Music therapy is a relatively new concept, sort of. While it has long been documented that music has therapeutic benefits, think of the phrase “music tames the wild beast”, it is only now being viewed through a more objective, medical lens. Music is the getaway for many individuals, and even those who aren’t music fans get away from it all while listening to a song from time time time.
Because of this, more institutions have poured money into research regarding the benefits of music therapy for a number of conditions. For instance, music has been proven to help children with autism and other developmental disorders.
When music therapy is played for autistic children, it has been shown that they do a better job of staying calm and collected. In short, music has been shown to be able to do what nothing else has.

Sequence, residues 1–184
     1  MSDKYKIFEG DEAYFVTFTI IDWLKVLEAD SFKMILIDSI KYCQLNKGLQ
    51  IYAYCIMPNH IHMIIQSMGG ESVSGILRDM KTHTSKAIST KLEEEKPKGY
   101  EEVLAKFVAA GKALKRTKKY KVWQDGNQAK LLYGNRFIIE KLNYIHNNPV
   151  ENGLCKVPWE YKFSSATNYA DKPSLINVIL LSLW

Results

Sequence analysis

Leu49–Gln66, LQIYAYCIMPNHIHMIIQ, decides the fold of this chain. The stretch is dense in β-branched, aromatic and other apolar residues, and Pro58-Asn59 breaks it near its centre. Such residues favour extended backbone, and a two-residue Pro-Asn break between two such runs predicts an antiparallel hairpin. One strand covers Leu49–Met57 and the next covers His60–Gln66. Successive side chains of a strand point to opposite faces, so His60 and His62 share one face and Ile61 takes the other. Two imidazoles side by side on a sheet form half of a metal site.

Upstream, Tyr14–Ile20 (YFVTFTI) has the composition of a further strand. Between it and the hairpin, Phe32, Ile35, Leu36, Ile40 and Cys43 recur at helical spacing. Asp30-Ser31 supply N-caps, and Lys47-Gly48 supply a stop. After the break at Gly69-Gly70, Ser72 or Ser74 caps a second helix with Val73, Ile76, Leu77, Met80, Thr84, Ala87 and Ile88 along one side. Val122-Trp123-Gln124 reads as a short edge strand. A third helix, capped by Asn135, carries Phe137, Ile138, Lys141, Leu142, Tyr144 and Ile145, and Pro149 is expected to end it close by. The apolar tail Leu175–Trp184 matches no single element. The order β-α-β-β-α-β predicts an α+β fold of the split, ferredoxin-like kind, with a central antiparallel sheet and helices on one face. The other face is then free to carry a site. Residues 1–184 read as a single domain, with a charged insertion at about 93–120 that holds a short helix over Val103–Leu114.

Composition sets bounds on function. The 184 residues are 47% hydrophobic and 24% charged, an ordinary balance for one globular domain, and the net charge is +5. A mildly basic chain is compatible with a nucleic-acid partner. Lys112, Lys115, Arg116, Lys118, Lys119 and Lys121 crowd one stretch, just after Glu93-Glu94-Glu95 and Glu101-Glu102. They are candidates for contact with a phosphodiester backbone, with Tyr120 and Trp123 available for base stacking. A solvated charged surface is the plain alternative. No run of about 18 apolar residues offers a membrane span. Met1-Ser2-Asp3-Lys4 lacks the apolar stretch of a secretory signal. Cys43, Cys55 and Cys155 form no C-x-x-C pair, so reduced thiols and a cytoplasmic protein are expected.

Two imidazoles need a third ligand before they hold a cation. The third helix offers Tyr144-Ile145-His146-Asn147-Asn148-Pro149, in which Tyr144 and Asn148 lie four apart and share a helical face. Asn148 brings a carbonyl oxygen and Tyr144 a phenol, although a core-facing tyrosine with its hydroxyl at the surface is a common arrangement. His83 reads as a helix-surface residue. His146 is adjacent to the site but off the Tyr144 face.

In addition to the calming effect
Music and art in other forms have been proven to increase creativity and the development of motor skills. Connecting with the world around us through the use of our cognitive functions is regarded as one of the best ways to aid minds that are not developing “regularly” as the result of many disorders.
The hope is that music therapy will allow doctors and therapists to aid children with developmental disorders as well a adults with dementia and other mental ailment. More research needs to be done in order to gauge the long-term benefits of music therapy, but preliminary research shows that its benefits for mental disorders is second to none.